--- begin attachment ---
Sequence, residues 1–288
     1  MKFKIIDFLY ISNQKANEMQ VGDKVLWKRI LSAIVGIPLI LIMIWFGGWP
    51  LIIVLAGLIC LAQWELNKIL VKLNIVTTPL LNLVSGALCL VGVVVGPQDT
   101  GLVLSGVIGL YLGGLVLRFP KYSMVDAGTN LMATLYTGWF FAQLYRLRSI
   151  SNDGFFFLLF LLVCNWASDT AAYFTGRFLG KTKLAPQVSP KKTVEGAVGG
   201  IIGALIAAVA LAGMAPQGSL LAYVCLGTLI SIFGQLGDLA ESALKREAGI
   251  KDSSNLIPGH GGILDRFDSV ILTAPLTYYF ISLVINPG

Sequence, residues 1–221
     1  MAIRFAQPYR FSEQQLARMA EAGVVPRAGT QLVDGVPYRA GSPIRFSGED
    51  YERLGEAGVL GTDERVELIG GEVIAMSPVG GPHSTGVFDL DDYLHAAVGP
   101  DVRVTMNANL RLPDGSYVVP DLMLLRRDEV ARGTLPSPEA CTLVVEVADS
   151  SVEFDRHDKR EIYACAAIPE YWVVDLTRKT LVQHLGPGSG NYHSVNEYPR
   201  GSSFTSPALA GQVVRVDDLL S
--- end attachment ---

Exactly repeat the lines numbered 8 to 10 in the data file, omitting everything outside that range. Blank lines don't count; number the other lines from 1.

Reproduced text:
Sequence, residues 1–221
     1  MAIRFAQPYR FSEQQLARMA EAGVVPRAGT QLVDGVPYRA GSPIRFSGED
    51  YERLGEAGVL GTDERVELIG GEVIAMSPVG GPHSTGVFDL DDYLHAAVGP